A favorite theory of prominent “skeptic” Dr. Richard Lindzen just had a fatal encounter with a 60 million old snake.
Researchers from the University of Toronto discovered the bones of this massive bus-sized reptile in a coal mine in Columbia and published their findings in the prestigious journal Nature. How big was this monster? About 42 feet long, it weighed as much a small car. It would have had trouble slithering through a standard doorway. Its girth would come up to your belly button.
The size of this massive snake also shows the tropics were much warmer than previously believed. Snake size depends on temperature - the hotter the bigger. For this beast that snacked on crocodiles to thrive, temperatures in the tropics must have averaged 30 to 34 degrees Celsius – three to four degrees hotter than the present. That throws cold water on the “thermostat” theory championed by Lindzen that in a warming world, the poles will warm much more than the equator, sparing the tropics from the worst of climate change.
This finding “refutes the idea of the thermostat”, says lead researcher Jason Head at the University of Toronto, and tells us “what equatorial temperatures will be as we continue to warm the planet: very hot.”
Climate scientist Matthew Huber of Purdue University agrees. He says that if Head is right about this massive serpents' toasty climate, “that's…bad news for us for the future. It says there's no magical thermostat that keeps the tropics at a reasonable temperature, that they will warm, too, in a global warming world”
While nature lovers can take comfort in the knowledge that snakes and rainforests can apparently survive much hotter conditions than previously believed, these findings are not good news for humans.
Researchers at the University of Washington published a paper in the prestigious journal Science just last month showing that half the world’s population could face food shortages by the end of century due to tropical warming.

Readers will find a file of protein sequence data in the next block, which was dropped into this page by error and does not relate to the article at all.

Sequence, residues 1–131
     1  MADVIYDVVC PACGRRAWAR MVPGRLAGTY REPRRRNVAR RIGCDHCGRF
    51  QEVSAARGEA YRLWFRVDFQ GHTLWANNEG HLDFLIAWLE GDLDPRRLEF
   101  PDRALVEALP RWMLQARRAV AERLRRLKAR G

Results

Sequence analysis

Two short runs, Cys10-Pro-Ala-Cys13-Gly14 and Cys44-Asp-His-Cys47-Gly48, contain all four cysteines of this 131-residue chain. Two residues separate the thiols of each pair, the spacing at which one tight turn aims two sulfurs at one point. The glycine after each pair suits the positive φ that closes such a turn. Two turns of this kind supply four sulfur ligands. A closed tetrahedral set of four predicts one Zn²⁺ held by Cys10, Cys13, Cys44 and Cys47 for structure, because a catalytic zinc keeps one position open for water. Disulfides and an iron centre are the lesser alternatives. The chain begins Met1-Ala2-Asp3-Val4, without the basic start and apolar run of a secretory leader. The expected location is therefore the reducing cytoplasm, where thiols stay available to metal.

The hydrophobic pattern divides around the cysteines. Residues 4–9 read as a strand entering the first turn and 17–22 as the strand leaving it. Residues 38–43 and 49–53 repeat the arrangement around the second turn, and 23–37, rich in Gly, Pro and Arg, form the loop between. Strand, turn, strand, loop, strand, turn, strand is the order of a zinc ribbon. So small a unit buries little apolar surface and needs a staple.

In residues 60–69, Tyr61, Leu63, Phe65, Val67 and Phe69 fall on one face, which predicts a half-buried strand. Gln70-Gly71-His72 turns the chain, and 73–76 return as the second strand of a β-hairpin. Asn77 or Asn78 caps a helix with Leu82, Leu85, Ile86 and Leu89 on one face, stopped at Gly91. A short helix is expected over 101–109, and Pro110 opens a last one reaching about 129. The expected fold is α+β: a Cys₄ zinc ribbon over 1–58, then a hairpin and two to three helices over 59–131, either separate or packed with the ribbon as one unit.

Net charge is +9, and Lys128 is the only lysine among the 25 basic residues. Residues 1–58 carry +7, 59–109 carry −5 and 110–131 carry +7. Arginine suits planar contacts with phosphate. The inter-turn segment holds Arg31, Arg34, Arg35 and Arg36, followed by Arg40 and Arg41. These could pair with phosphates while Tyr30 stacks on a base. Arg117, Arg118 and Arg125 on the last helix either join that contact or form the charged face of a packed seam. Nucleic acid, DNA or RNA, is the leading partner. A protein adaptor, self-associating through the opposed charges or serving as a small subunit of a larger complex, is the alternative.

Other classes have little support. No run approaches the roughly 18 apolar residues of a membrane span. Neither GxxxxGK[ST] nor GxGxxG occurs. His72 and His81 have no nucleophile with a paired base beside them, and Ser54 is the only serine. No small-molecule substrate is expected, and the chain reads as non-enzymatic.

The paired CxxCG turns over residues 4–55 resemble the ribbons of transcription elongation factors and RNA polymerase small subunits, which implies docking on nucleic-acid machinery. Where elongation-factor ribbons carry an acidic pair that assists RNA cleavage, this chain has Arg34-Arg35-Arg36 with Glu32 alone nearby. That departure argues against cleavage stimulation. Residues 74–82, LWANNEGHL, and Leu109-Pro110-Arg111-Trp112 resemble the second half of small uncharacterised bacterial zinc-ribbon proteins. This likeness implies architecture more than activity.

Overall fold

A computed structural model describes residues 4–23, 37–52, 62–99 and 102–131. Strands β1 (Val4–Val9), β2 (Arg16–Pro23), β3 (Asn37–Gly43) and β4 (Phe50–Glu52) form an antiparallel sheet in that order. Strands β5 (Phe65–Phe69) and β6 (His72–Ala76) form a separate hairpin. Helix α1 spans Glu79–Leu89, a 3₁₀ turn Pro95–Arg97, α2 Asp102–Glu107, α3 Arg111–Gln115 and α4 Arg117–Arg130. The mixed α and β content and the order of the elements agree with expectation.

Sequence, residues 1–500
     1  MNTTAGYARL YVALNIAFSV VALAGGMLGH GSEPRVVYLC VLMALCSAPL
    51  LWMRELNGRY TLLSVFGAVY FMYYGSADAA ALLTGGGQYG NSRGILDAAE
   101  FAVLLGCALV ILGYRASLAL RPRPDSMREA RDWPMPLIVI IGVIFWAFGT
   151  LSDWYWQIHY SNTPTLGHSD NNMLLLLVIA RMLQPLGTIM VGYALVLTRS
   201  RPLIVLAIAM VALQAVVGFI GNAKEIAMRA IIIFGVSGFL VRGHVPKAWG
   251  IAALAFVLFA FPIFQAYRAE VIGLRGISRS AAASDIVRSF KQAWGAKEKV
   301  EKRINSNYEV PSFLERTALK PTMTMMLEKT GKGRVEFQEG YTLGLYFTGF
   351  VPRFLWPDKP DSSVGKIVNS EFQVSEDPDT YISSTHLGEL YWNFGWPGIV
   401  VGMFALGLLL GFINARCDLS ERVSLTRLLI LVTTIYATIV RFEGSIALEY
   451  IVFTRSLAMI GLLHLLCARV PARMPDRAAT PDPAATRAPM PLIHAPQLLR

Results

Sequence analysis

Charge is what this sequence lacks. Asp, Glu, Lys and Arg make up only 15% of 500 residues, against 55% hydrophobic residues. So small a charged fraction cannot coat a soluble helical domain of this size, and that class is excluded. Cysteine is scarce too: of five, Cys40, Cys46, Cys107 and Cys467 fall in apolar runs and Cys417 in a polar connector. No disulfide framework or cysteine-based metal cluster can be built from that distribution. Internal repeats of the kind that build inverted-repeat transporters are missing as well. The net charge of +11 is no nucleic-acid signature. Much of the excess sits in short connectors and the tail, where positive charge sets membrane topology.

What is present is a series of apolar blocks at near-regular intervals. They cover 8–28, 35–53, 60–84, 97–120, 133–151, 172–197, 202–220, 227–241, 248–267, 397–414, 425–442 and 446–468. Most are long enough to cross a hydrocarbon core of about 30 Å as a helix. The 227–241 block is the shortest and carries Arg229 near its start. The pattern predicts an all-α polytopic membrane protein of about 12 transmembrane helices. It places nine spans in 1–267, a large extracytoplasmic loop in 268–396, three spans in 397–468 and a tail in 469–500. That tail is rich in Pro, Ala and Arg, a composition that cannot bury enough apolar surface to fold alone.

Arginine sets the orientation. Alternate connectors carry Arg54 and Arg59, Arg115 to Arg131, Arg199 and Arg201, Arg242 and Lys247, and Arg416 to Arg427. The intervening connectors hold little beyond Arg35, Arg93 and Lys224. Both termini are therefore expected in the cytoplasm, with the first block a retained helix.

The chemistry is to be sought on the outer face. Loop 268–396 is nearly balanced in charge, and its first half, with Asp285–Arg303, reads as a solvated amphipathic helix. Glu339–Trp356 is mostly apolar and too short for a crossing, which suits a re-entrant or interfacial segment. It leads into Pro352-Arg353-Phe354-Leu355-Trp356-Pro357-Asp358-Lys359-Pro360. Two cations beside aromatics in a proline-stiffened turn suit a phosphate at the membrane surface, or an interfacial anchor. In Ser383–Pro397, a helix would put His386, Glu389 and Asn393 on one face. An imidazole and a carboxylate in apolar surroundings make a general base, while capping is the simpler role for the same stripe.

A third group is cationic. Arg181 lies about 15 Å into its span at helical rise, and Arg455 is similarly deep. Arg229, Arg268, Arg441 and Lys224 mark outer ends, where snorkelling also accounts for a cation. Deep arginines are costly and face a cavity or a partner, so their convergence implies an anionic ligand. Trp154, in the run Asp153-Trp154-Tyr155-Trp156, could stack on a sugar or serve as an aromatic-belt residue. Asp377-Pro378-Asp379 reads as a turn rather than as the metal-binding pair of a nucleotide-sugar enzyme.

“The stress on global food production from temperatures alone is going to be huge, and that doesn't take into account water supplies stressed by the higher temperatures,” said David Battisti, at the University of Washington, who led the study.
The researchers combined direct observations with data from 23 global climate models and determined there is greater than a 90 percent probability that by 2100 the lowest growing-season temperatures in the tropics and subtropics will be higher than any temperatures recorded there to date.
Currently 3 billion people live in the tropics and subtropics, and their number is expected to nearly double by the end of the century. The scientists said that many who now live in these areas subsist on less than $2 a day and depend largely on agriculture for their livelihoods.
“When all the signs point in the same direction, and in this case it's a bad direction, you pretty much know what's going to happen,” said Battisti. “You are talking about hundreds of millions of additional people looking for food because they won't be able to find it where they find it now.”
That finding is perhaps made worse by the fact the researchers at the University of Washington did not have the benefit of knowing about our massive reptilian friend.
The bottom line is this: whatever wishful thinking existed that the tropics will somehow be able to “blow off steam” in a warming world just got swallowed by a giant snake.
For another take, check out Andrew Revkin at the NY Times DotEarth blog: Snake Hints at Tropical Resilience to Warming.
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